Cancer researchers in Great Britain are testing a new device that can detect cancer with a simple breath test. While the tests are not currently targeting patients at risk for mesothelioma, researchers say the test could easily be adapted to include the disease.
The breath biopsy machine, designed by researchers with Owlstone Medical and undergoing clinical trials at the Cancer Research United Kingdom Cambridge Institute, can screen for signature molecules that can detect a variety of cancers.
Mesothelioma, a cancer found in the lining of lungs and other organs, has been linked to long-term exposure to asbestos. Initial symptoms are similar to other pulmonary illnesses:
- Chest and abdominal pain
- Difficulty breathing
- Abdominal bloating
A doctor who suspects mesothelioma will conduct a biopsy – currently the only way to confirm a mesothelioma diagnosis. This is followed by imaging tests such as an MRI or CT scan.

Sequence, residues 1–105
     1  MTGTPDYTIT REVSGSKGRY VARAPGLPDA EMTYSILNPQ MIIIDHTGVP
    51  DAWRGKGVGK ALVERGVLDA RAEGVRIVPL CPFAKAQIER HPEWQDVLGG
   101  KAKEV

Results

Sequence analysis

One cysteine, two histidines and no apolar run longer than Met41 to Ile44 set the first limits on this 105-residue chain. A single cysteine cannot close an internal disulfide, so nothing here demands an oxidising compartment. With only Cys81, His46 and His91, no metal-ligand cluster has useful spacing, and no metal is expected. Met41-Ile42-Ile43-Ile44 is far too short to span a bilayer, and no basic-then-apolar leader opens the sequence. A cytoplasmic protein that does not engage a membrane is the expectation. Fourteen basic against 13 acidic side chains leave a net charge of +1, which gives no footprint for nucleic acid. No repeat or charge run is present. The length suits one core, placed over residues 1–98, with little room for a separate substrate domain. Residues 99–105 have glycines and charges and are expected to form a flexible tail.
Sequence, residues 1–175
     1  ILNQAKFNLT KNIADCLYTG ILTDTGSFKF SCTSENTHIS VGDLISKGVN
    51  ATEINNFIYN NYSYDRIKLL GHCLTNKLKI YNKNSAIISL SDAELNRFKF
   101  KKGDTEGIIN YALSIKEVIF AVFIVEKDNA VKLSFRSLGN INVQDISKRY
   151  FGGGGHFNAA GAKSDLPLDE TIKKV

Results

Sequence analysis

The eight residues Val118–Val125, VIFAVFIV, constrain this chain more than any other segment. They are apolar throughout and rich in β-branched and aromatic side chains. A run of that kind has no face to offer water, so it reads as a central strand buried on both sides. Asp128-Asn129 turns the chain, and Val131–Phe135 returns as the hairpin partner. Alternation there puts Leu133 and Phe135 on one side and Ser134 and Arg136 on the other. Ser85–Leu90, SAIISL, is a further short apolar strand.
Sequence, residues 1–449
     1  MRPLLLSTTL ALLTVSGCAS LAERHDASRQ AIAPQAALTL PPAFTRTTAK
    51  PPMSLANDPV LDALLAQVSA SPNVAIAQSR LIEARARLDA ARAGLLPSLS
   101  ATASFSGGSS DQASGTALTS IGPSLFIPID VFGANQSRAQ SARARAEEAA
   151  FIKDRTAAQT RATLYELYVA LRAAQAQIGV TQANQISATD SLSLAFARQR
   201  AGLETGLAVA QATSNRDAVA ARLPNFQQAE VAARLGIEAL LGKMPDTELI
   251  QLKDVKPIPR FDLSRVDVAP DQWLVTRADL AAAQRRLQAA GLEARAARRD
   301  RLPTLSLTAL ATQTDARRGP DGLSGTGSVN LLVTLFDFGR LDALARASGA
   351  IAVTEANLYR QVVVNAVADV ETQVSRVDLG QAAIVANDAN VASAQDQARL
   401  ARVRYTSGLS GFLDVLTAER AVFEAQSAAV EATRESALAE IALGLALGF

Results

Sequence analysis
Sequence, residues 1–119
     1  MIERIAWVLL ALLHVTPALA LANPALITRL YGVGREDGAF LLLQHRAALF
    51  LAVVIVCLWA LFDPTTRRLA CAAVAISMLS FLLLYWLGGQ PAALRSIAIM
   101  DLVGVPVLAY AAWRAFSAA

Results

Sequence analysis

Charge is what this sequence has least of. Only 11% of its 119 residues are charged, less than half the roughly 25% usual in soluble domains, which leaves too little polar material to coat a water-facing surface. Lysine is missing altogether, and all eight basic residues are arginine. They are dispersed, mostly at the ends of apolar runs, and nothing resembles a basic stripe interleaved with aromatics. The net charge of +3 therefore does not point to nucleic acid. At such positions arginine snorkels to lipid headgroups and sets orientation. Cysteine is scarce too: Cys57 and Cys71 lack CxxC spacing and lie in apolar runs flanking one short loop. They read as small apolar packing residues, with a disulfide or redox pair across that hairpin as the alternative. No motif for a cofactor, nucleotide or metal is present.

Mesothelioma is rare – only about 3,000 new cases are diagnosed in the U.S. each year, a number that has held steady since the early 1990s.
Unfortunately, most cases are not detected until they are advanced, offering doctors a limited arsenal for treatment.
Potential for early detection
Because diagnosis involves invasive surgery and often occurs in the disease’s later stages, the possibility of an easy test that provides earlier detection has many in the field hopeful.
Researchers say the breath test screens for volatile organic compounds that become distinctive in the presence of some cancers. The ongoing research in Great Britain is now testing 1,500 healthy people and those who have or are suspected to have various cancers including esophageal, stomach, prostate, kidney, liver and pancreatic cancer. Because mesothelioma is relatively rare, testing for mesothelioma is not yet on the list.
Experts say the earlier detection promised by the breath biopsy machine can increase the chances of survival and revolutionize the way cancer is detected and diagnosed.